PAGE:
One late night as I sat on the porch with a few of them, the police showed up, not once but twice, because we were making too much noise. The second time they appeared, I thought I saw one of them look at me slightly askance. It was probably my imagination – I don’t think I looked older than anyone else – but I was all at once profoundly uncomfortable. In my own mind I was suddenly ridiculous, like those middle-aged male professors who used to hit on me and my friends when we were undergraduates, and whom we always found so laughable and sad.

I had a sudden vision of Mr. G. Granted, when I knew him, he was older than I was that night on the porch, but nevertheless, he would never have spent a night reveling with his students – it would have seemed unutterably beneath his dignity – and some of his students would have been the same age as the students I was spending my evenings with now.

I didn’t go back to any of their parties after that.

I started teaching CEGEP the following September, and I found that my view of my students and my relationship to them was very different than it had been in the years leading up to that. I started to understand the need of students, especially young students, to see their teacher as a teacher and not as a pal. Recently a colleague commented on how, when she was a CEGEP student, she liked it when her teachers were friendly, personable and even “cool,” but not when they tried to be her friend. I thought of Mr. G again, and something clicked for me. Until students get to a certain point – graduate school, perhaps? – seeing a teacher as a “peer” is an uncomfortable experience. Those boundaries need to be clear.

Making the transition away from being a friend to my students and toward being a real “teacher” to them has been one of the greatest challenges of my teaching life. I am trying to find a balance where I can show them that I see them as individual people with individual lives, and that I am concerned about and interested in those lives, but that I know where to draw the lines, that I know my place. Memories of Mr. G have provided me with a very helpful model – it is possible to know your young students, and play a role in their lives that goes beyond the classroom, but it is important that the boundaries be clear, in order for them to be secure in their relationship with you and maintain a sense of respect that is as much to their benefit as it is to yours.

The Incomparable Mr. G: Part 1

Mr. G. taught me literature and creative writing when I was in high school. He was in his late 50s at that time. During the two years I knew him, I never saw a discipline issue arise in his classroom. He encouraged students to bring snacks and lunches to class with them, and often said he wished we could sit in beanbag chairs instead of at desks; the tone of his lessons was always casual, conversational, often straying away from the material at hand to issues that seemed marginal (but usually turned out not to be); still, no one was ever unruly or off-task. I only once saw him lose his temper, at a crowd who were being extremely noisy outside his door while he was trying to conduct a lunch-hour activity, and it was a fearsome sight – the entire hallway full of students fell immediately stone silent, and not a squeak was heard until the bell rang for classes again. I’ve always wondered what it was about him that inspired that sort of respect.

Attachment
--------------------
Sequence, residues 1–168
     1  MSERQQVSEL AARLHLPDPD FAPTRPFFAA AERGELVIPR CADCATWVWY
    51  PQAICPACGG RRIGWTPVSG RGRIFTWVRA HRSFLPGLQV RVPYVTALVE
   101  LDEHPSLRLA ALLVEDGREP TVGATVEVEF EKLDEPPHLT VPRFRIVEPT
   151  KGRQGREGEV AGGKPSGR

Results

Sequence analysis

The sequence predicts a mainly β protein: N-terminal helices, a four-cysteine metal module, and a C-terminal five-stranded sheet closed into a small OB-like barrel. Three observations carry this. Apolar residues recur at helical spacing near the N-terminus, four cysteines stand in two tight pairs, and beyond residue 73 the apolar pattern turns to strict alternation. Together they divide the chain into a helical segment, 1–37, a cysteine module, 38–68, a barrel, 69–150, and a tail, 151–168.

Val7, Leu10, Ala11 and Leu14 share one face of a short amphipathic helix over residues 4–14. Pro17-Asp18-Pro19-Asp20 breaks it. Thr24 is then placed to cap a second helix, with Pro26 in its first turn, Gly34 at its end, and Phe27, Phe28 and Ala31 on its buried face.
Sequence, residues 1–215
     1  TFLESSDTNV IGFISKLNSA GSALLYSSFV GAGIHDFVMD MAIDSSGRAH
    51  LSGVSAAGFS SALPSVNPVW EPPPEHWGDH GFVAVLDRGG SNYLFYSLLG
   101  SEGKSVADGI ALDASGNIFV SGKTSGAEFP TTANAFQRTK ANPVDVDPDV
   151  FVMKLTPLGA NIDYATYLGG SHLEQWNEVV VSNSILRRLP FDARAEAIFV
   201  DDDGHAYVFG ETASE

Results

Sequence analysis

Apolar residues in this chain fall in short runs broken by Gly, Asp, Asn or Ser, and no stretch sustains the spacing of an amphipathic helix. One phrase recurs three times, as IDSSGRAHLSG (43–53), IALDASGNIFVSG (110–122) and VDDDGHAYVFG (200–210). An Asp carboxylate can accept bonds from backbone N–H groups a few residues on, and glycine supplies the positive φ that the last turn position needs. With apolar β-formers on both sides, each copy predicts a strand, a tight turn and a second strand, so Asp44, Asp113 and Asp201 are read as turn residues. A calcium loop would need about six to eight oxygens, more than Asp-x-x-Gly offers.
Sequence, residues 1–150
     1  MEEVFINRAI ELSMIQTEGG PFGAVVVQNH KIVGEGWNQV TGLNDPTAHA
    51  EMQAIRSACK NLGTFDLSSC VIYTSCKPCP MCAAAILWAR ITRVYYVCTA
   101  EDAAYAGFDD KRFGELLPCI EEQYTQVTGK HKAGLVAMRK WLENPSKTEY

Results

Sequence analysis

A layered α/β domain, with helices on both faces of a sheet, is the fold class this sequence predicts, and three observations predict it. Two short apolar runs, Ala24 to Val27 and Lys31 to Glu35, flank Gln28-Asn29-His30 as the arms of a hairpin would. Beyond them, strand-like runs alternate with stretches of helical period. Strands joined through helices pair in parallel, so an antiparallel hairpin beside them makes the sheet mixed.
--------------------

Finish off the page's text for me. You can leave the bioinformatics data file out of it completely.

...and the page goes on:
Mr. G was the director of the school’s yearly musical productions, which were a big deal, involving a cast of almost a hundred each year and bringing in an array of students, not only drama nerds and musicians but also athletes and stoners and high academic achievers. After a friend and I did a special project in Mr. G’s class in which we performed a scene from “She Stoops to Conquer,” he asked me to try out for a lead in that year’s production of “The Pajama Game.” After my audition, he was straightforward about my limitations. My singing voice wasn’t very powerful. What was more, my boyfriend would undoubtedly be given the male lead, and Mr. G was uncomfortable casting us in such close proximity. He was therefore going to offer me the comic lead instead.

I was struck, not only by his honesty, but also by his acknowledgement of the real-life situation within which my academic and extra-curricular life was taking place. He seemed to understand that his students were real people. He knew who was friends with whom and who was dating whom, and had a general sense of the states of our relationships at any given moment. He also seemed to know about other activities we were involved in, and some rudimentary details about our family lives. You wouldn’t think this would be unusual in a small town, but none of my other teachers seemed to be aware of, or concerned about, the life I led outside their classrooms.